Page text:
Site That Blamed Benghazi On Internet Video Appoints Itself ‘Fake News’ Arbiter

Peter Hasson | Reporter

Left-wing website Slate should be the final arbiter of what is or not “fake news,” according to left-wing website Slate.

The site, which itself has a questionable track record, announced the launch of a Chrome extension that will alert readers if they are reading something deemed “fake news” by Slate. The announcement comes less than a week after Slate ran a story deemed “ridiculous and false” by CNN anchor Jake Tapper.

That story, titled “Kellyanne Conway Suggests Men Don’t Want Their Wives to Work in the White House,” twisted Conway’s words to fit a narrative.

Slate is the same site that boldly spread the Hillary Clinton-backed lie that an offensive Internet video caused the 2012 Benghazi terror attacks in a piece titled, “What We Know About the Obscure Film That Sparked The Riots in Libya.”

Slate is also the same site that claimed to have exposed a secret link between the Trump organization and a secret bank, only to have that story debunked in near-record time. Even other left-wing news organizations like Vox didn’t buy it. (That story did, however, provide ammunition for the Clinton campaign.) (RELATED: Slate Writer Calls For ‘Symbol Of Solidarity’ To Distinguish Bigots From Everyone Else)

Nevertheless, the site which raises the journalistic bar with hard-hitting pieces like “I Ruined Men’s Childhoods by Dressing Up as a Ghostbusters Character for Halloween Last Year,” or “What Iran—Yes, Iran—Can Teach America About the Fight for LGBTQ Rights” thinks it should be the judge of what is or isn’t real news.

So, Slate has come out with its Chrome extension, “This Is Fake.” (RELATED: Liberal Media See ‘Fake News’ Label Thrown Back In Their Faces)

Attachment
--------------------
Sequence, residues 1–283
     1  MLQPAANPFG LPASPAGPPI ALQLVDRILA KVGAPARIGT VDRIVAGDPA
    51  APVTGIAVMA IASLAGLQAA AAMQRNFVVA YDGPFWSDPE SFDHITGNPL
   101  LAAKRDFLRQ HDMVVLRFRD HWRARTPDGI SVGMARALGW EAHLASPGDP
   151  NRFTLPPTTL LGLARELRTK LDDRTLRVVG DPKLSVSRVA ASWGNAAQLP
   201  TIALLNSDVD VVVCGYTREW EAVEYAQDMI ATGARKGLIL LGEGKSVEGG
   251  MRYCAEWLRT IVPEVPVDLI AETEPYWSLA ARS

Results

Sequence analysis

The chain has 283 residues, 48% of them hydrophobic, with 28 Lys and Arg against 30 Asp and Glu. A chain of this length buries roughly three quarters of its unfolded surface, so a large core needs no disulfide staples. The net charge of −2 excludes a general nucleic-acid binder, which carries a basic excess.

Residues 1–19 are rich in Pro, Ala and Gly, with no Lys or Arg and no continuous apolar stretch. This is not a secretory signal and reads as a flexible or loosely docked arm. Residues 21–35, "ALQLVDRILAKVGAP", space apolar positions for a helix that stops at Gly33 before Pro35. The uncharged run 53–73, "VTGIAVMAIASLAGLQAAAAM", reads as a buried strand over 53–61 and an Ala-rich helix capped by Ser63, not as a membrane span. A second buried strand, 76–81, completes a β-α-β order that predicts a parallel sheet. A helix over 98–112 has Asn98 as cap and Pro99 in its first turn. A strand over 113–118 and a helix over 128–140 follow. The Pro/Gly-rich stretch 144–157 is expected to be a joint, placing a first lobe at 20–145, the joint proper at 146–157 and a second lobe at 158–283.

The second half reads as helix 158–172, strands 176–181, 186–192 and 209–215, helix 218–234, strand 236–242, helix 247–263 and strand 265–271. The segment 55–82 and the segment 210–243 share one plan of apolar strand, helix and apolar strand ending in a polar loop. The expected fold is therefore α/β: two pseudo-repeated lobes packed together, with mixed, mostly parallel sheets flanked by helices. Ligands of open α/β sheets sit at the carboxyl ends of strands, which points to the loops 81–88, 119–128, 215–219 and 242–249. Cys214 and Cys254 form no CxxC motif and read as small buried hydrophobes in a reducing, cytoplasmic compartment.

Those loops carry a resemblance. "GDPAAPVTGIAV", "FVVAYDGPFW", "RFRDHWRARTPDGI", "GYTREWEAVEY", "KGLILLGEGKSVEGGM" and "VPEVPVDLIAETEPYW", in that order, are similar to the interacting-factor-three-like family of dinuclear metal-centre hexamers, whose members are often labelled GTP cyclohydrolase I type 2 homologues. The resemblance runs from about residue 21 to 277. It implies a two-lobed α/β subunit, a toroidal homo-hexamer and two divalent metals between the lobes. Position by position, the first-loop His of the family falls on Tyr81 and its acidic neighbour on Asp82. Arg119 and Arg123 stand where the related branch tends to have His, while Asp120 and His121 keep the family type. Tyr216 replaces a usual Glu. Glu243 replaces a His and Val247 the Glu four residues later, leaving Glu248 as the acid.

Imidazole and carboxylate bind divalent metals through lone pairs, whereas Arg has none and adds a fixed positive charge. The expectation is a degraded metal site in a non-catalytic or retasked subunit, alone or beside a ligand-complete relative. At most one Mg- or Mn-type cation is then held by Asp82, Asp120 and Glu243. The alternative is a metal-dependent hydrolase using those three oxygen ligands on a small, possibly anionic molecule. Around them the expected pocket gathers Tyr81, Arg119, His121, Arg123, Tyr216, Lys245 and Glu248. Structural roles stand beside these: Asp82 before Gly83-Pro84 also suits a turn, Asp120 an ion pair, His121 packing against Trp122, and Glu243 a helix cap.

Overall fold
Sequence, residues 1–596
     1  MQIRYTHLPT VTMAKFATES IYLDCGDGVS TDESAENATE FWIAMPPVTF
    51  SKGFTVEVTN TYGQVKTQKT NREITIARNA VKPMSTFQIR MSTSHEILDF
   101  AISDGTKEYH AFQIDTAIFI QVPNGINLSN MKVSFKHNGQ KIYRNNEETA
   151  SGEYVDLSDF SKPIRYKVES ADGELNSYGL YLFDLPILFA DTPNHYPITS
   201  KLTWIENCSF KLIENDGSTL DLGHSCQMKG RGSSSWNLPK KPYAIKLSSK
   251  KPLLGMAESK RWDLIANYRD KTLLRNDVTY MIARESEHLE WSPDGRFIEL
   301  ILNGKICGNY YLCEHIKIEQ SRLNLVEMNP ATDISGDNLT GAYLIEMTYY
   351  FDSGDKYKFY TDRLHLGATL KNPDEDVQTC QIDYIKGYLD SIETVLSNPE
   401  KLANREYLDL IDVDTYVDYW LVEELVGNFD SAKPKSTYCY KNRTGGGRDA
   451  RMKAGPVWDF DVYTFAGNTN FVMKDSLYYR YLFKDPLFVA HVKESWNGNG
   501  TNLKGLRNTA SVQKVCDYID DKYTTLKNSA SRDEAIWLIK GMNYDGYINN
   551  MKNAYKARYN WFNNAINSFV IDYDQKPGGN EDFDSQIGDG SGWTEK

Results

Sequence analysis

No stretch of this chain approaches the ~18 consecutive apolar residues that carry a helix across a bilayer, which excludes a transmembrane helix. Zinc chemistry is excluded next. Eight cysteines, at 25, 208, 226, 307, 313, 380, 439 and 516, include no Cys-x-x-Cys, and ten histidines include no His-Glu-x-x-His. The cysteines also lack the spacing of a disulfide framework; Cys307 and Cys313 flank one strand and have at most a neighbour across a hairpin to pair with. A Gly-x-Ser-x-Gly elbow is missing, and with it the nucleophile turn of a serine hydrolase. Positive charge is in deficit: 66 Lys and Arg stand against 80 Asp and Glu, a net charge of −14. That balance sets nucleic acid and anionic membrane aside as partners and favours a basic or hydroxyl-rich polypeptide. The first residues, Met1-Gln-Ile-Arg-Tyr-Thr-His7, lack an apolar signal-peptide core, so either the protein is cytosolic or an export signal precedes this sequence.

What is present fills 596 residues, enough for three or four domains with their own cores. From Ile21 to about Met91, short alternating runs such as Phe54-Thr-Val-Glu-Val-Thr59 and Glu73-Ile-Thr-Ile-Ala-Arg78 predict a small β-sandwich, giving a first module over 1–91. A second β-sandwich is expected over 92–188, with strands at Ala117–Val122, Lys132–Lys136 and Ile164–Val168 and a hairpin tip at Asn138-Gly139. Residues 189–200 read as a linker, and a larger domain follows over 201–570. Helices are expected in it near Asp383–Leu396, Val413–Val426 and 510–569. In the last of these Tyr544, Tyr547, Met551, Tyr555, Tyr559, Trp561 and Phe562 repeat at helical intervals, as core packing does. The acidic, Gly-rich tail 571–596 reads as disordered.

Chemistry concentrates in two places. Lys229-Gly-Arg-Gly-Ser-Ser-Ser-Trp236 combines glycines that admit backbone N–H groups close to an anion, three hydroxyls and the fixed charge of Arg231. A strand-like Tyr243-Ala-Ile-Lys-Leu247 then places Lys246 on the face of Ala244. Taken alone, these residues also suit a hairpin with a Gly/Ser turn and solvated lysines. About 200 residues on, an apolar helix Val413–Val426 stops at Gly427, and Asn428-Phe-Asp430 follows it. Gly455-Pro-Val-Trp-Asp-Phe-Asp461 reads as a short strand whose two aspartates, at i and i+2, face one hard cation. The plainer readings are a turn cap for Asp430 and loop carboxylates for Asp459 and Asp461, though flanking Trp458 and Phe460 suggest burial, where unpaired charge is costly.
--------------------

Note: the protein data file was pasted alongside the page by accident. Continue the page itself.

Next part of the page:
“Once you install the extension, as you scroll through your Facebook feed, stories that Slate has identified as fake news will be flagged with a red banner over the preview image, informing you that they’ve been debunked,” explains the site, whose writers can oscillate between calling Trump a “moderate Republican” and a “fascist” in less than a week.

Users of the extension can flag news organizations or stories as “fake,” but Slate editors will be the final judge of what is or isn’t fake. (RELATED: Journalists Struggle To Define ‘Fake News’ Even As They Declare War On It)

Slate editor Jonathan Fischer said the site is open to “blacklisting” entire website.

“I don’t think there’s a danger in blacklisting entire websites because our standard for inclusion is high, although of course it’s reliant on editorial judgement, which is why we’ll be releasing the data, and why we’re eager to find more news organizations to partner with us on This Is Fake,” Fischer said.

The Daily Caller’s Eric Owens and Justin Caruso contributed to this report.

Follow Hasson on Twitter @PeterJHasson

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